In Match§

See primary documentation in context for infix eqv

multi infix:<eqv>(Match:D \aMatch:D \b)

Returns True if the attributes pos, from and orig for a and b are equal, and if made, Capture::list and Capture::hash are either the same or both undefined.

In Allomorph§

See primary documentation in context for infix eqv

multi infix:<eqv>(Allomorph:D $aAllomorph:D $b --> Bool:D)

Returns True if the two Allomorph $a and $b are of the same type, their Numeric values are equivalent and their Str values are also equivalent. Returns False otherwise.

In Operators§

See primary documentation in context for infix eqv

sub infix:<eqv>(AnyAny)

This could be called an equivalence operator, and it will return True if the two arguments are structurally the same, i.e. from the same type and (recursively) contain equivalent values.

say [123eqv [123];    # OUTPUT: «True␤» 
say Any eqv Any;                # OUTPUT: «True␤» 
say 1 eqv 2;                    # OUTPUT: «False␤» 
say 1 eqv 1.0;                  # OUTPUT: «False␤»

Lazy Iterables cannot be compared, as they're assumed to be infinite. However, the operator will do its best and return False if the two lazy Iterables are of different types or if only one Iterable is lazy.

say (1…∞) eqv (1…∞).List# Both lazy, but different types;   OUTPUT: «False␤» 
say (1…∞) eqv (13);      # Same types, but only one is lazy; OUTPUT: «False␤» 
(try say (1…∞) eqv (1…∞)) # Both lazy and of the same type. Cannot compare; throws. 
    orelse say $!.^name;  # OUTPUT: «X::Cannot::Lazy␤»

In some cases, it will be able to compare lazy operands, as long as they can be iterated

my $a = lazy ^2;
my $b = $a;
say $a eqv $b# OUTPUT: «True␤» 

When cached, the two lazy Seqs can be iterated over, and thus compared.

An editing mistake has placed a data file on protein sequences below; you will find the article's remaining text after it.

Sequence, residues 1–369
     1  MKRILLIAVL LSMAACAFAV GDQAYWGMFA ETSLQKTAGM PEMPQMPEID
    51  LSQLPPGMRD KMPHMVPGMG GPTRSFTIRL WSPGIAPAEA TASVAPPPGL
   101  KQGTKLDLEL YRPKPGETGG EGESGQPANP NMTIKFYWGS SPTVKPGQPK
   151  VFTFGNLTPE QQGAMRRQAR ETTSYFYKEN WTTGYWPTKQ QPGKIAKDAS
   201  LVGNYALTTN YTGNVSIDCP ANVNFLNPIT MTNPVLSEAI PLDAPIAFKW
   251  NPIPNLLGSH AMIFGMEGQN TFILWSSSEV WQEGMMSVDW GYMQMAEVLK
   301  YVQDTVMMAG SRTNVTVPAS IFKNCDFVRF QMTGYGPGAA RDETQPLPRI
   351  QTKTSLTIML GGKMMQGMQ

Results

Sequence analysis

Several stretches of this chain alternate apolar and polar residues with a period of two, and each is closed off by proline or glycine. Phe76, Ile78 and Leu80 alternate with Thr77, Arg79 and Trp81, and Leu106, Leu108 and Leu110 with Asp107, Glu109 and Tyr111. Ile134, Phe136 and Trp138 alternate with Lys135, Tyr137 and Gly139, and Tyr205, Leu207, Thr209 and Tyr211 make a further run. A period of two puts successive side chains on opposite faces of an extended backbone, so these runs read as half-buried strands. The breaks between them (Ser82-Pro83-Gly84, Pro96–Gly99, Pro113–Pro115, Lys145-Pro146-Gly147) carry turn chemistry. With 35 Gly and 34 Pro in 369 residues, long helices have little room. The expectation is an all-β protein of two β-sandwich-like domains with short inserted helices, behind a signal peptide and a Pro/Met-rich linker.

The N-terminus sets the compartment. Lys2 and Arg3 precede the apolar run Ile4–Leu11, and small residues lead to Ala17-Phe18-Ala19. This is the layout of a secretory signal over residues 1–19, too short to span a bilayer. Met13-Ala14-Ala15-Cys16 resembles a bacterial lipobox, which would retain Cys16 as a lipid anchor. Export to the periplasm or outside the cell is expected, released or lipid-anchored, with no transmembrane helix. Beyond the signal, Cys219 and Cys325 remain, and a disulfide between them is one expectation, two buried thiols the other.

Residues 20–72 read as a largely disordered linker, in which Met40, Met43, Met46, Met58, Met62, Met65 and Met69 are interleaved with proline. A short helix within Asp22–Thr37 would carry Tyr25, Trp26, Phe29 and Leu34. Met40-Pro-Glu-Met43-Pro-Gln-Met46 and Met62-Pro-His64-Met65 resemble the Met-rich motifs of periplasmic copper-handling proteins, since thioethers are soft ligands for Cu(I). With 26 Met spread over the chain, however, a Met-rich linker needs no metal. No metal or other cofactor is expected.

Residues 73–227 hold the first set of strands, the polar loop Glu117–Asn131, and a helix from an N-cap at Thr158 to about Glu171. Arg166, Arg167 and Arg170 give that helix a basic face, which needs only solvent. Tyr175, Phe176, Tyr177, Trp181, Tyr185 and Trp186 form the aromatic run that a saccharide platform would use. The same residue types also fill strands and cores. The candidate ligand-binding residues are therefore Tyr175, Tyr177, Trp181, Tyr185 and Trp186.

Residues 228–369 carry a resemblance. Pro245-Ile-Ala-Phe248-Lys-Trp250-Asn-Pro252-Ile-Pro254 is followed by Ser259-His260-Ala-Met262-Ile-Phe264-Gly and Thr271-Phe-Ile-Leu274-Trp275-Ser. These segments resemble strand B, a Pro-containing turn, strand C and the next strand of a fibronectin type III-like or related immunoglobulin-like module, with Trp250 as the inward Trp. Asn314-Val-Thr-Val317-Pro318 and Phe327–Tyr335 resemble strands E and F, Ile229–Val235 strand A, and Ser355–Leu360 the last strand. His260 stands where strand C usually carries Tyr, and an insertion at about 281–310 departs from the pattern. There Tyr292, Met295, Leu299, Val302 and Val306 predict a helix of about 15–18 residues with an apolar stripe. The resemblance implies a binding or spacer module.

The default eqv operator even works with arbitrary objects. E.g., eqv will consider two instances of the same object as being structurally equivalent:

my class A {
    has $.a;
say> 5eqv> 5);  # OUTPUT: «True␤»

Although the above example works as intended, the eqv code might fall back to a slower code path in order to do its job. One way to avoid this is to implement an appropriate infix eqv operator:

my class A {
    has $.a;
multi infix:<eqv>(A $lA $r{ $l.a eqv $r.a }
say> 5eqv> 5);            # OUTPUT: «True␤»

Note that eqv does not work recursively on every kind of container type, e.g. Set:

my class A {
    has $.a;
say Set(> 5)) eqv Set(> 5));  # OUTPUT: «False␤»

Even though the contents of the two sets are eqv, the sets are not. The reason is that eqv delegates the equality check to the Set object which relies on element-wise === comparison. Turning the class A into a value type (ValueObjAt) by giving it a WHICH method produces the expected behavior:

my class A {
    has $.a;
    method WHICH { "A|$!a.WHICH()"
say Set(> 5)) eqv Set(> 5));  # OUTPUT: «True␤»

You can call a single-argument version of the operator by using its full name; it will always return true.

say infix:<eqv>(33);    # OUTPUT: «True␤» 
say infix:<eqv>(False); # OUTPUT: «True␤» 

In ObjAt§

See primary documentation in context for infix eqv

multi infix:<eqv>(ObjAt:D $aObjAt:D $b)

Returns True if the two ObjAt are the same, that is, if the object they identify is the same.

my @foo = [2,3,1];
my @bar := @foo;
say @foo.WHICH eqv @bar.WHICH# OUTPUT: «True␤»